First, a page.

Custody and visitation go hand-in-hand because if one parent has physical custody, the time that the child spends with the other parent is called visitation. Most people are comfortable with how these work together.
Most people are also comfortable with the idea that the parent who has physical custody of the child can receive child support from the other parent.
Sometimes the visiting parent, who is also ordered to pay child support, may not be making those child support payments on time. That is a problem all by itself and it can be handled through the courts.
But making or not making child support payments is only one factor to be considered when determining visitation. Not making child support payments alone should not keep a parent from having visitation with his or her child.
The bottom line is that if the court has allowed visitation with the child, the custodial parent cannot deny visitation just because the visiting parent is not current in his or her child support payments.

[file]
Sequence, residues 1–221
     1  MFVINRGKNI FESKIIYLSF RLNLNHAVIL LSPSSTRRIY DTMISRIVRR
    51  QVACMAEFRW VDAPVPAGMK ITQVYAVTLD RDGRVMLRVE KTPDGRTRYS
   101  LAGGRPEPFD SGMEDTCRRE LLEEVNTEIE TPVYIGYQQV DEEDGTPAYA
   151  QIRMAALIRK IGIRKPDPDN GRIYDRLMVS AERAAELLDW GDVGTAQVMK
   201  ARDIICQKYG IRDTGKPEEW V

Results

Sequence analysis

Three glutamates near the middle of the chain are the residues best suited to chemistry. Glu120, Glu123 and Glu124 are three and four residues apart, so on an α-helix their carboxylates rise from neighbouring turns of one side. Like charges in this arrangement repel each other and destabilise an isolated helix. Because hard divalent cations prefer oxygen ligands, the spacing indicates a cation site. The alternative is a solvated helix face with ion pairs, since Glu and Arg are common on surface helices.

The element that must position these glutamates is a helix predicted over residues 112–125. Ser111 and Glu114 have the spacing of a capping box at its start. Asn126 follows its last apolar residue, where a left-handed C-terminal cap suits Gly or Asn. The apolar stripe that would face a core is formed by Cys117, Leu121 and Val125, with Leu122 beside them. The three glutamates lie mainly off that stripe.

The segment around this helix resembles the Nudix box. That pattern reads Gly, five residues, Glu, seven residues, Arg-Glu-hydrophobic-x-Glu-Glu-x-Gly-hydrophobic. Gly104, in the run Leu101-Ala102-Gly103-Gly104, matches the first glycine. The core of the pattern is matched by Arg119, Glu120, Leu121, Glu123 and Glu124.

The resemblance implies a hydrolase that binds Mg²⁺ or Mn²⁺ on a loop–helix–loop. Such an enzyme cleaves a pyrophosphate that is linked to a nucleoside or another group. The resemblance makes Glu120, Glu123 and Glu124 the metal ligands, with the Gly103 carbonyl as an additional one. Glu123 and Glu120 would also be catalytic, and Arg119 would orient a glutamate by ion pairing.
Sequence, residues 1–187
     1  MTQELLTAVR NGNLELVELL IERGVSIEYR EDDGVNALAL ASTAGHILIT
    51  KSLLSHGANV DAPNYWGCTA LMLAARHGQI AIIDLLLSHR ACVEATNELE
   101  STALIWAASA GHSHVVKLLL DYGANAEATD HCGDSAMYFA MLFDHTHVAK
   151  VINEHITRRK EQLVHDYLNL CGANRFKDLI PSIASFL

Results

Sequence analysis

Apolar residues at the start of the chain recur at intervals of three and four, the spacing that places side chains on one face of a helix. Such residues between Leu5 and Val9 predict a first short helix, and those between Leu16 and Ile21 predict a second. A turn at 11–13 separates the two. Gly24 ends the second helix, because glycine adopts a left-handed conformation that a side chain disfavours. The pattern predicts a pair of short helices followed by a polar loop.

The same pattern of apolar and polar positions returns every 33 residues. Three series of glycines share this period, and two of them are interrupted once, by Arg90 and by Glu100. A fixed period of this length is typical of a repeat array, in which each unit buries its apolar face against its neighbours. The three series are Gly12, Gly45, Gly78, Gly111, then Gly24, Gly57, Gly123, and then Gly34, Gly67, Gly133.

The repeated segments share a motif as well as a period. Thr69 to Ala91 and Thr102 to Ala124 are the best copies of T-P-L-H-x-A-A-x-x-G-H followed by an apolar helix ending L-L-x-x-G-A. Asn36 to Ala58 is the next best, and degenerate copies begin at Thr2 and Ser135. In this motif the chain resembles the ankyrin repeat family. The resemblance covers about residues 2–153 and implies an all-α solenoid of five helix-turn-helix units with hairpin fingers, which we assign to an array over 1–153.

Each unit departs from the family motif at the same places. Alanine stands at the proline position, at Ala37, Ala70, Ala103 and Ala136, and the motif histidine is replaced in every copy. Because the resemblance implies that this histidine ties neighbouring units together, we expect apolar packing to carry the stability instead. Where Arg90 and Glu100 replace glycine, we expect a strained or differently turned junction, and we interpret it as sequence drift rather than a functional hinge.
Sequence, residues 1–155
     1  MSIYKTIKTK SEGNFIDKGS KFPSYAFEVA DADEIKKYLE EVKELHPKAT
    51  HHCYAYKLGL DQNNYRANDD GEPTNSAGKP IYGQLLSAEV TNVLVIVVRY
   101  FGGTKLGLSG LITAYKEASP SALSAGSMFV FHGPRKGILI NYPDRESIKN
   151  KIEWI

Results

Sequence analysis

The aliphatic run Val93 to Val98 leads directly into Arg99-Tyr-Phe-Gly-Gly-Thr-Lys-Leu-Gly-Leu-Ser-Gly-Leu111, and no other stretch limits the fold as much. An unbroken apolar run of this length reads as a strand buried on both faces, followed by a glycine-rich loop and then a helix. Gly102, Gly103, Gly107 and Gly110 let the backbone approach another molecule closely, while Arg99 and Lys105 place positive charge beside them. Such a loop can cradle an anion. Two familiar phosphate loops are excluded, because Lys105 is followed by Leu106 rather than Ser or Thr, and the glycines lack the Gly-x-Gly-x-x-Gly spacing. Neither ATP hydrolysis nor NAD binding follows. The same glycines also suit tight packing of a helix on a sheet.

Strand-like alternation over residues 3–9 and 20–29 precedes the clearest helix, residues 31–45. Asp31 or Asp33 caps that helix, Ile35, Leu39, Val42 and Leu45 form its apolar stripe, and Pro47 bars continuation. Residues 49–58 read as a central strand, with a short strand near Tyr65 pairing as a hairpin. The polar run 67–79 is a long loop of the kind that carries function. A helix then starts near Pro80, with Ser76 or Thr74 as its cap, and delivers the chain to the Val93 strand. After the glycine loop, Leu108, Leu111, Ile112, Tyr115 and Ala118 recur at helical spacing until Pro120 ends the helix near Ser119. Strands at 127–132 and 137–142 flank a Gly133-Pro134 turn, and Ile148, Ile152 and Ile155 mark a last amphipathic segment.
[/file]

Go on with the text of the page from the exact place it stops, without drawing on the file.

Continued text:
So, what do you do if you are reading this and you are in the position where you are behind in your child support payments and your child’s custodial parent won’t let you see your children? The specific action will depend on what court orders are already in place concerning custody, visitation and support.
If you don’t have copies of the orders, you can go to the clerk’s office and request copies. (this is also a good place to mention that these orders are very important and you should keep copies in a safe place so you have access to them when needed).
My suggestion is to then take those orders with you when you consult with an attorney. That attorney will be able to read the orders, listen to your story, and give you a plan of how to go about trying to get what you want based on the laws that pertain to your situation.
From a very personal standpoint, I find it very sad when a father wants to see his children, but he doesn’t even try because he is behind in child support. It is sad for the father, it is sad for the grandparents and other family members, but most of all, it is sad for the child.
If you have any questions about this or any other legal subject, please feel free to give us a call at 757-234-4650 or visit our website at http://www.BeaversLaw.com.